Please forgive me for making these observations, as a passionate amateur it is really fascinating for me.
Wow that video was wonderful. Thanks for the lesson especially on bow speed, that was really enlightening.
I was interested in the quote in your written essay, “If they don’t stop trying to be [Pinchas] Zukerman, they’re going to hurt themselves!”
I was reminded of a story I heard long ago, and I think it was about Pavarotti. Someone asked him to compare himself to Caruso and he replied that any tenor can make himself sound like Caruso for a little while, but then his voice will be completely shot.
Thanks for your advice. Do you know what the NY Phil. requirements are for the semi-final and final rounds or what one might expect to be asked in those rounds?
Thank you very much for sharing your experience!
How is the general reaction among juries when a candidate performs in style (e. g. Using almost no vibrato)
What do you think about it?
Did you have this type of performers in audition?
Thank you for your answer.
Michigan State University
Jean, interesting observation and I'm posting a new discussion topic about it!
Emil, the link to the "master list" for this audition is here:
As far as what would be asked, I really have no idea except that it will be more than was asked in the prelims. So count on one or both concerto expositions plus maybe 10-15 minutes of excerpts in the semis. Final round will include piano so likely both concertos (maybe a complete Mozart movement but not necessarily) plus a good 15-20 minutes of other selections. Also there would be more interaction, i.e. asking candidates to play things differently.
Hi Liz, there honestly isn't much playing with little to no vibrato, mostly because the selections asked are almost always Beethoven and later. One can debate whether (and how much) vibrato was used then, but since we play that music in symphony orchestras with vibrato now, that's the general style committees are looking for. But as with everything there has to be taste and variety!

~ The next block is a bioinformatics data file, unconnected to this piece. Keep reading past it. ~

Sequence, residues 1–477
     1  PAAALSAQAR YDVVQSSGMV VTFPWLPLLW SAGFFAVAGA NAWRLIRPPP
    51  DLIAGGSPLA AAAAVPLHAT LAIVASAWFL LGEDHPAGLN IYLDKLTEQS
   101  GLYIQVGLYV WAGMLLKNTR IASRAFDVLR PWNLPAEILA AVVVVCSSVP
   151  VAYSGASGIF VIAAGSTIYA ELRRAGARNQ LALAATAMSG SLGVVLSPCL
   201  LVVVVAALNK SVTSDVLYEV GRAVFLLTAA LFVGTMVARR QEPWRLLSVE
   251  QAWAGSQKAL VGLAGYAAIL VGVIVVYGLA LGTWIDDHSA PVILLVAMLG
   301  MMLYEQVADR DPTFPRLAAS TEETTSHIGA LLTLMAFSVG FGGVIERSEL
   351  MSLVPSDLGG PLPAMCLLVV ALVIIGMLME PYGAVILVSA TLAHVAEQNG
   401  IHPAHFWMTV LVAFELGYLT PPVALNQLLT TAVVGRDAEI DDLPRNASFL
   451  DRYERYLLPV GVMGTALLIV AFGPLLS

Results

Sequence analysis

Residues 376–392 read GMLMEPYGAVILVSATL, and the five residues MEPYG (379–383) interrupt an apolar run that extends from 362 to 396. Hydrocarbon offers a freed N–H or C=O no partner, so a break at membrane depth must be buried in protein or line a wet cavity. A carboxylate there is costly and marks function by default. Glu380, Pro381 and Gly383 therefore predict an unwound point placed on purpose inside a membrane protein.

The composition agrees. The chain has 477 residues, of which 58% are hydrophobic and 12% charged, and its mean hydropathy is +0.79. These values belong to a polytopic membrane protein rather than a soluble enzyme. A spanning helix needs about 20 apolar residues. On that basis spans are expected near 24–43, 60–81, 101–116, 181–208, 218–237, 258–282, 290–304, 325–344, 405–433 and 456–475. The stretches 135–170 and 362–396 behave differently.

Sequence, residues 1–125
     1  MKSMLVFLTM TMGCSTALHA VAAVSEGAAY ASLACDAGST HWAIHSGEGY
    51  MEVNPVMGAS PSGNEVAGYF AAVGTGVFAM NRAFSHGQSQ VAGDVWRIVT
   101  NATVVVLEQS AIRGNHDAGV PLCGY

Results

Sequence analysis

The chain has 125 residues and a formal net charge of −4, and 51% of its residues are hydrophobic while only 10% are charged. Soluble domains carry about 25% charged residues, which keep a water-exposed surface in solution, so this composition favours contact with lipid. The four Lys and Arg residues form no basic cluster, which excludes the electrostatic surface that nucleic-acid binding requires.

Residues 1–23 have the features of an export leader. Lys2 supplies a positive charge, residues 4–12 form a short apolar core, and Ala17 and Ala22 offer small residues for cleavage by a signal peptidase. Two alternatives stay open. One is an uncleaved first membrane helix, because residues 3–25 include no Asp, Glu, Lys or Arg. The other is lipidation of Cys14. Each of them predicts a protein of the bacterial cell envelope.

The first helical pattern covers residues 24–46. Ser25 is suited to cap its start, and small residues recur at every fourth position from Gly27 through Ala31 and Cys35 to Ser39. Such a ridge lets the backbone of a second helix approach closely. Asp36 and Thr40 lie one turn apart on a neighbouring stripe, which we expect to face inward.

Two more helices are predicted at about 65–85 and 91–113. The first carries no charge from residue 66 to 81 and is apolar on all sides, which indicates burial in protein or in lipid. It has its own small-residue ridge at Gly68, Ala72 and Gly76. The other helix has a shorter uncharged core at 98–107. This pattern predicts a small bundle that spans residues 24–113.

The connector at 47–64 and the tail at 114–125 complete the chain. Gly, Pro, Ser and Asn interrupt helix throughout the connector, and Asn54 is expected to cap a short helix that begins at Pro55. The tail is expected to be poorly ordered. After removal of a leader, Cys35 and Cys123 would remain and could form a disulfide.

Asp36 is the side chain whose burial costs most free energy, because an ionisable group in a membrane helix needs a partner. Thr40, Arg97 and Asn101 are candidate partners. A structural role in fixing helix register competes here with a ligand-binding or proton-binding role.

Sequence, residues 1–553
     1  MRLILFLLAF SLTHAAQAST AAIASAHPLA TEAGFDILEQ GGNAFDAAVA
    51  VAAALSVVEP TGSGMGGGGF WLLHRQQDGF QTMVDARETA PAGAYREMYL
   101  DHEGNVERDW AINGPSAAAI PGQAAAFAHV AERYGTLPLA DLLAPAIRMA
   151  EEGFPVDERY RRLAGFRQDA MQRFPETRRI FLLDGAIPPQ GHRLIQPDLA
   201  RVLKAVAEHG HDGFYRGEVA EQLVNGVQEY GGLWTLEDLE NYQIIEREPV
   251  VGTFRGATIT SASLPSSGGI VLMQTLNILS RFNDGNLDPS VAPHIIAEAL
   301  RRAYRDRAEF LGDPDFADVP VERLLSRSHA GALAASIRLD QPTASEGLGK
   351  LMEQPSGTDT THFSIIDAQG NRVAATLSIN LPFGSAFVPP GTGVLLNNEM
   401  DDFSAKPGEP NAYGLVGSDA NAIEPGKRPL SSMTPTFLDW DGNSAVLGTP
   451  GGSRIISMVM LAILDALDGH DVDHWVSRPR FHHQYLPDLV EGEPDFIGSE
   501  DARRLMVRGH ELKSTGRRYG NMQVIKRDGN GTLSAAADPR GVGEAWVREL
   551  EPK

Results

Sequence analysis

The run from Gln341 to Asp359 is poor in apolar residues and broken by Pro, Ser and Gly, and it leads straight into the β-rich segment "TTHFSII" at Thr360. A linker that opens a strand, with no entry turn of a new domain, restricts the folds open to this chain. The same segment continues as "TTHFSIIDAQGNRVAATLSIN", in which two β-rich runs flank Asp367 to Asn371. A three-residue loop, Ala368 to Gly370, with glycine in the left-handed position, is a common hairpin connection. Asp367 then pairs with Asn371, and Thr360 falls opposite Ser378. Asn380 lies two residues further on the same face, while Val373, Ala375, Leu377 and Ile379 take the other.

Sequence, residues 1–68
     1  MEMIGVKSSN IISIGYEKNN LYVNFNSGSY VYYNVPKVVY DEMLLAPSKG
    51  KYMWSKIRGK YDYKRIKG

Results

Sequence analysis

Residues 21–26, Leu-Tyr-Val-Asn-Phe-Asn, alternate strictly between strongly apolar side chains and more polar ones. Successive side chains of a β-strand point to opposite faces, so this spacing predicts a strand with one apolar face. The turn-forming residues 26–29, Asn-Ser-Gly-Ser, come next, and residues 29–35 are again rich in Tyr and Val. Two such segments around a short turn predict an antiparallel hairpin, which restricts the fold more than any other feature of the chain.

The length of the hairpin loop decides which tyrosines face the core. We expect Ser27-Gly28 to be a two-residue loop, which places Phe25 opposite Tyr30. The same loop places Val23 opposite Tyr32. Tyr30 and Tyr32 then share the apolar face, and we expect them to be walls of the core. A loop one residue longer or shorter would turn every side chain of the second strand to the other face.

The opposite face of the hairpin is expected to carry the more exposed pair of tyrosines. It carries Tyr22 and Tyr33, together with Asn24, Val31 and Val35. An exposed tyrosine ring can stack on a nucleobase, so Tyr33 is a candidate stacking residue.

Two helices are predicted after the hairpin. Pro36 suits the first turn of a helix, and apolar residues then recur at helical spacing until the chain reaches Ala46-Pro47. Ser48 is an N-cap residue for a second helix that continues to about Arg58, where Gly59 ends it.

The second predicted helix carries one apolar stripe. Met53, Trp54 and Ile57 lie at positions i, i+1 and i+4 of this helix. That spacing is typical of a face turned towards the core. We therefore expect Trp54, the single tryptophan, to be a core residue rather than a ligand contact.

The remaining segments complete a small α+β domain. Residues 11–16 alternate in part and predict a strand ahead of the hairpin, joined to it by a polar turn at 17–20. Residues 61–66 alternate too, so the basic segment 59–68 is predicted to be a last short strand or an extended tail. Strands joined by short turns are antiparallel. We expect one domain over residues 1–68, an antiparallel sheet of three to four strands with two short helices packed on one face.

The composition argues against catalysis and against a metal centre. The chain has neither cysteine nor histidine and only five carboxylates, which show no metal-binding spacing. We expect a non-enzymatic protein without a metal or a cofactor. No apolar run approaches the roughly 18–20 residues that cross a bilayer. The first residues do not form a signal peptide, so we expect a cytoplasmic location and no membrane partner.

It's unusual (but not unheard of) to actually ask for the Bach selection in a section audition these days precisely because there are so many styles in which to play. I personally wouldn't be offended at all if someone wanted to play Bach in an earlier style, as long as it was well done! But the rest of their audition would have to convince me that their ideas weren't so far away from the rest of the group's as to make them unworkable in the section.
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August 4, 2015 at 09:27 AM · "Be yourself" --- great advice! It's always easier to play "as my usual self" rather than to play like someone else, especially at auditions or performance.
First impression is certainly important, so does self-confidence (which would probably be projected through the music). I wish I could do better at my previous "audition"... http://j.mp/firstimpormptuaudition